Excerpt from The Gift of Rain by Tan Twan Eng, plus links to reviews, author biography & more

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The Gift of Rain

A Novel

By Tan Twan Eng

The Gift of Rain
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  • Hardcover: May 2008,
    448 pages.
    Paperback: May 2009,
    448 pages.

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Excerpt
The Gift of Rain

Endo and I finished our meal of raw fish and rice wrapped in dried seaweed. It was late when his chauffeur returned us to Istana. As he walked down the steps to the beach he said, “I would like to know more of Penang. Will you show me around?”

“Yes,” I said, pleased that he had asked me.

That was how I became his guide, taking him around the island. He wanted to look at temples first, and I knew immediately which one to show him.

Endo-san was fascinated by the Temple of Azure Cloud, where hundreds of pit vipers took up residence, coiled around incense holders and the eaves and crossbeams of the roof, inhaling the smoke of incense lit by worshipers.

He bought a packet of joss sticks from a monk and placed them in the large bronze urn after whispering a prayer. Plates of eggs had been left on the tables as offerings for the snakes. I stood around, uncertain. Religion had never played a large part in my life. My mother had been a lapsed Buddhist, but I attended the weekly service at St. George’s Church with my family. This temple, with its intricate writings and large wooden plaques—their lacquer chipped and faded—felt strange to me. The various gods and goddesses housed in different altars stared at me from beneath half-closed eyes as I walked past.

A bell tolled, and through the smoke I heard the chanting of monks. A cobra uncurled itself from a pillar and slithered across the uneven tiles, swaying to the drone. Its tongue stabbed out to taste the air, its scales shining like a thousand trapped souls.

A passing monk picked it up and slung it over the back of a chair. He asked me to touch it. I stroked its dry, cool skin. Like the snakes, I felt myself being slowly drugged by the smoke and the chanting, which vibrated through my body to be absorbed by my blood and bones.

“A fortune-teller,” Endo-san said, pointing to a massive old woman cooling herself with a rattan fan. “Let us see what she can tell us.”

I sat before her as she examined my hand. Her skin had the same texture as the cobra’s. She studied my face and looked as though she were trying very hard to recall where she had seen me. “You have been here before?” she asked. I shook my head.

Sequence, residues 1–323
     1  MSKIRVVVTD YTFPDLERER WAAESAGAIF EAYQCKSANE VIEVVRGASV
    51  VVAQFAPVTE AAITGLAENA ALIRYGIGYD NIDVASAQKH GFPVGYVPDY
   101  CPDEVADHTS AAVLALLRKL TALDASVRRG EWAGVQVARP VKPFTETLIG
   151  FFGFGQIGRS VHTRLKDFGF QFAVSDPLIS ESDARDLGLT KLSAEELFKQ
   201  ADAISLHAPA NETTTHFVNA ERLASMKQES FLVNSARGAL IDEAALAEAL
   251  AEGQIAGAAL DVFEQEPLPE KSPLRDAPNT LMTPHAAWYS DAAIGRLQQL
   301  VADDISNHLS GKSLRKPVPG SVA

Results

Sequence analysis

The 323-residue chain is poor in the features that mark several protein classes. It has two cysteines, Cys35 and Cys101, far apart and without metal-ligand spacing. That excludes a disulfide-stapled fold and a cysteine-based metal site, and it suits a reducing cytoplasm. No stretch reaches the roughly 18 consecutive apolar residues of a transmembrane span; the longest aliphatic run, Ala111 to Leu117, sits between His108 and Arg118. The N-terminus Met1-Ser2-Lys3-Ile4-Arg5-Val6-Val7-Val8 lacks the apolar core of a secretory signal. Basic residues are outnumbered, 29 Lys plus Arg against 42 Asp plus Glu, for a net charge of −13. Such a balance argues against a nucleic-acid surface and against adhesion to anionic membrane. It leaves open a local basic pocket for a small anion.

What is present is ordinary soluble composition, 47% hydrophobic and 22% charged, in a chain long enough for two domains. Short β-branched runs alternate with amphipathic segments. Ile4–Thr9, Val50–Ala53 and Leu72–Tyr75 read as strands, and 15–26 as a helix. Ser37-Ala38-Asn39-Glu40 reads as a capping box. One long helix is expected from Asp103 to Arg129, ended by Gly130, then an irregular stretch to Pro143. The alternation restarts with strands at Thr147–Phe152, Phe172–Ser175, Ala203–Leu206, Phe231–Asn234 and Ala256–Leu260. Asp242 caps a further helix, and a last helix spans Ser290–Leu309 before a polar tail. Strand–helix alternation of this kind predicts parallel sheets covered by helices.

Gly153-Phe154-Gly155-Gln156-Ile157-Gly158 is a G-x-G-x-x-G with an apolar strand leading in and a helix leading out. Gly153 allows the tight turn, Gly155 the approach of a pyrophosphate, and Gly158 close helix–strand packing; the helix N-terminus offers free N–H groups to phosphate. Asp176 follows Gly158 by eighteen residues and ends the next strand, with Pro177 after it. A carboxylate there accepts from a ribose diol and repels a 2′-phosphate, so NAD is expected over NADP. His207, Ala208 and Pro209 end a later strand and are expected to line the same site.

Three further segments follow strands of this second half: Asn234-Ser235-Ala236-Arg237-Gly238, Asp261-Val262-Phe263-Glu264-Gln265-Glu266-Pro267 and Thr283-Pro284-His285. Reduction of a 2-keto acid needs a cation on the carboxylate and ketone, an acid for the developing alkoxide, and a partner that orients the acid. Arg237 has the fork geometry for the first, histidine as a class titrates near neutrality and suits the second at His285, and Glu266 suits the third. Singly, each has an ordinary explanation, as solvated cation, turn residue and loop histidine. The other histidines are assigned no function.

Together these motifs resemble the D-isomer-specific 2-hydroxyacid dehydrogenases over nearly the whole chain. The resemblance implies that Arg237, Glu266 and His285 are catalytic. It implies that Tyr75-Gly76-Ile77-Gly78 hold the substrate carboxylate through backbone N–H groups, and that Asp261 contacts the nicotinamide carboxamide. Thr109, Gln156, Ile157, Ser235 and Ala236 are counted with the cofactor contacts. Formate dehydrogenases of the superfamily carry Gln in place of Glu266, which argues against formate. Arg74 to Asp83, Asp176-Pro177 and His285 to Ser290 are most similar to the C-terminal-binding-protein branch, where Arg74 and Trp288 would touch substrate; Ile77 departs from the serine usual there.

She stroked the writings on my palm and asked for my date and precise time of birth. She spoke in Hokkien: “You were born with the gift of rain. Your life will be abundant with wealth and success. But life will test you greatly. Remember—the rain also brings the flood.”

Her vague pronouncements made me pull my hands away from her, but she was not offended. She looked at Endo-san and her eyes became dreamy, as though trying to remember a person she had once known. She returned her gaze to me, her eyes coming back into sharp focus, and said, “You and your friend have a past together, in a different time. And you have a greater journey to make. After this life.”

Puzzled, I translated her words for Endo-san, who could only speak a few phrases of the local dialect. He looked momentarily sad, and said softly, “So the words never change, wherever I go.” I waited for him to tell me what he meant, but he remained silent and thoughtful.

“What does my friend’s palm show?” I asked the fortune-teller. She crossed her arms over her chest and refused to touch Endo-san. “He’s a Jipunakui—a Japanese ghost. I do not read their futures. Beware of him.”

I was embarrassed at the way she had dismissed Endo-san and wanted to soften her harsh words before I conveyed them to him. “She isn’t feeling well, she says can’t do any more readings today,” I said. But he saw the struggle in my expression and shook his head, touching me on the arm to let me know nothing had escaped him.”

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Excerpted from The Gift of Rain by Tan Twan Eng. Copyright Tan Twan Eng 2007. Reproduced with permission of the publisher, Weinstein Books. All Rights Reserved.

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